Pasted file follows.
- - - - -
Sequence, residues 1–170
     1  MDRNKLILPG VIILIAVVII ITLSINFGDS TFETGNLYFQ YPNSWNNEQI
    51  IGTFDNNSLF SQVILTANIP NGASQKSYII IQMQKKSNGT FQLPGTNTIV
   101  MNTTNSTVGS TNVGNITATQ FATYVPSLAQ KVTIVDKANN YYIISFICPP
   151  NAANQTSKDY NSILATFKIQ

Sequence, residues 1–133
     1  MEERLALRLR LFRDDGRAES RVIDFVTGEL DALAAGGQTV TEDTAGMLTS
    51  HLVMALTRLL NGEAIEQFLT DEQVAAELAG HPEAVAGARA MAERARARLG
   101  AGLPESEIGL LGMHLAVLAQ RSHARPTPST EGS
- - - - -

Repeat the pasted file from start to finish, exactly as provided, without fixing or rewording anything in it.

Sequence, residues 1–170
     1  MDRNKLILPG VIILIAVVII ITLSINFGDS TFETGNLYFQ YPNSWNNEQI
    51  IGTFDNNSLF SQVILTANIP NGASQKSYII IQMQKKSNGT FQLPGTNTIV
   101  MNTTNSTVGS TNVGNITATQ FATYVPSLAQ KVTIVDKANN YYIISFICPP
   151  NAANQTSKDY NSILATFKIQ

Sequence, residues 1–133
     1  MEERLALRLR LFRDDGRAES RVIDFVTGEL DALAAGGQTV TEDTAGMLTS
    51  HLVMALTRLL NGEAIEQFLT DEQVAAELAG HPEAVAGARA MAERARARLG
   101  AGLPESEIGL LGMHLAVLAQ RSHARPTPST EGS